Soggy Pinnacles Desert (by Symone)

Trip Start Jul 07, 2010
Trip End Sep 02, 2010

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Where I stayed
A little caravan park trapped in the 70s

Flag of Australia  , Western Australia,
Tuesday, August 31, 2010

Well it rained last night and this morning, so we woke up to a soggy campsite but were thankful we weren't in a tent. Although it was less than ideal walking weather, it was even less sitting-in-a-small-van-and-going-crazy weather, so off we went to the Nambung National Park to see The Pinnacles.  The Pinnacles are a bit of a mystery to geologists and other scientific type people. The jury is out on how they formed and what they actually are.  What we do know is that they are made of limestone and there are as many below the sand as there are showing above it.  Some of the pillars are 5 metres in height, although most are smaller than this, averaging about 1-2 metres.

Some people say they are seashells from ancient seabeds that have solidified, then due to the rain etc, have lost their calcium content and have left only the limestone.  Others believe that they are the petrified remains of ancient forests.  It seems that they have only been uncovered fairly recently, over the past few hundred years, due to shifting sands. This is because surrounding landscape features are mentioned in the logs of Dutch sailing ships of the 1600’s, but the Pinnacles, which stretch for acres, aren’t mentioned at all although sailors came ashore in the area.  They do feature in indigenous stories that range back about 6000 years, but were only noticed by white men from the early 1900’s.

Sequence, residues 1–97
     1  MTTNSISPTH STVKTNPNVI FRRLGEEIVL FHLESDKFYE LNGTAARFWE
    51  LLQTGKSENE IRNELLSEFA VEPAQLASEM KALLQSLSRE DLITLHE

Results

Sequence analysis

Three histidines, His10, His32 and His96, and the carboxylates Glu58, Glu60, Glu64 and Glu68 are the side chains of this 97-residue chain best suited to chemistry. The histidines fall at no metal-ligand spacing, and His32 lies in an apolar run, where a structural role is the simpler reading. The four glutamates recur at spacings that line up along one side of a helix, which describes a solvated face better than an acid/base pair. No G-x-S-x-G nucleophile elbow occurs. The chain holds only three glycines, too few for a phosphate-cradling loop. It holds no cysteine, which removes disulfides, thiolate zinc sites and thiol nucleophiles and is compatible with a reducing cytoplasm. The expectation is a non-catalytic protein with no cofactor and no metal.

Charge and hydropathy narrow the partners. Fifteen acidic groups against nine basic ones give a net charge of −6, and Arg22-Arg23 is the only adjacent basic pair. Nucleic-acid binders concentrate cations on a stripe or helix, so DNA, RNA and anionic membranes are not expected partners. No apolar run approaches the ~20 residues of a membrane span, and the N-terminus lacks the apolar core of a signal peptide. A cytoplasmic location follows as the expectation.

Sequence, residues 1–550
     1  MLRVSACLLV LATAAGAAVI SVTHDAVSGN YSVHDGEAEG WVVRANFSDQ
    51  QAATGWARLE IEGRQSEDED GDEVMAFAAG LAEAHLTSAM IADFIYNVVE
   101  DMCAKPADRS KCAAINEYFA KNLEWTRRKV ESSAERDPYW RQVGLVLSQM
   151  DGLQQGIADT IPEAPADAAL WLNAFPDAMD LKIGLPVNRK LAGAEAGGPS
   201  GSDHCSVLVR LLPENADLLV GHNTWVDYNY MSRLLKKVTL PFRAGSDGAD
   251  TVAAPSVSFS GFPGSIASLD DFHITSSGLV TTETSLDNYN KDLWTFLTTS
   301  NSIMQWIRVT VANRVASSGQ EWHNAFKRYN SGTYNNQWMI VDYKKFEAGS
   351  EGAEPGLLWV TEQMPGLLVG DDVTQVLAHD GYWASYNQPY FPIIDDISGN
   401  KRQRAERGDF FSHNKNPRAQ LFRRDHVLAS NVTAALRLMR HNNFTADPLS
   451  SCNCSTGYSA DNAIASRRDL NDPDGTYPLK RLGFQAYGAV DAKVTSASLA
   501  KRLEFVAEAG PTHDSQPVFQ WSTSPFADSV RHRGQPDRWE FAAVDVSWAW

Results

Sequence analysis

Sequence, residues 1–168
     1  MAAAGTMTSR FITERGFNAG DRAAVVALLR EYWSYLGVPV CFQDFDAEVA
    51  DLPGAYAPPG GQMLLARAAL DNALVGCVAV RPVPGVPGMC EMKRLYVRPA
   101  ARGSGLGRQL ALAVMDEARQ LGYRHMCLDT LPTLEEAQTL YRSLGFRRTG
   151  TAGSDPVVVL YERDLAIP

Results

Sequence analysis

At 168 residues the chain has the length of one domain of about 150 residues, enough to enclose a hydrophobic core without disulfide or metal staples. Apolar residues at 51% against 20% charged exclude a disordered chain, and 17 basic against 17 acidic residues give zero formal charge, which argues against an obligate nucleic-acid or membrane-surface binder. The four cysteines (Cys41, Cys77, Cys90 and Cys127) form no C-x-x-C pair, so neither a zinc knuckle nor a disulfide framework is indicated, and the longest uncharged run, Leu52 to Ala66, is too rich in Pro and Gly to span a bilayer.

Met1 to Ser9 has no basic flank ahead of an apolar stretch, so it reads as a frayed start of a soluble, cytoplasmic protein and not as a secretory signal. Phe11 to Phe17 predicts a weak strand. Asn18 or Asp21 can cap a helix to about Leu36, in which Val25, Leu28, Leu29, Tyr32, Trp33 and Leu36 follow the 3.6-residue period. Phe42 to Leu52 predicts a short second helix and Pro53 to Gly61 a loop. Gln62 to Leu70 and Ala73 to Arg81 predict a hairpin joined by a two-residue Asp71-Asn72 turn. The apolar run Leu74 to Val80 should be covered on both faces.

The effect of the pillars randomly scattered through the desert is a little weird.  It would be a great landscape for a movie set on another planet.  Walking through them, Lyndon and I decided we favoured the petrified tree theory as they did look like tree stumps and sort of clumped together like forests do. What we do know is that if there was a forest there years ago, it would have been very well watered, as we got drenched in the process and spent the trip back to Cervantes steaming ourselves dry with the heater blasting.  Thankfully the sun came out in the afternoon so the kids had a great play at the park while Lyndon read his latest pirate inspired tale and I dozed.

Tomorrow is our last day before our flight home Thursday.  This means we are down to eating odd combinations of food and wearing socks that should possibly have biohazard signs attached to them!  Only 250km to Perth, a mere hop, skip, and a jump for seasoned travellers like ourselves
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Wiseys on

Oh no! It is drawing to an end all too soon :(
The latest pictures of the kids together are gorgeous xx

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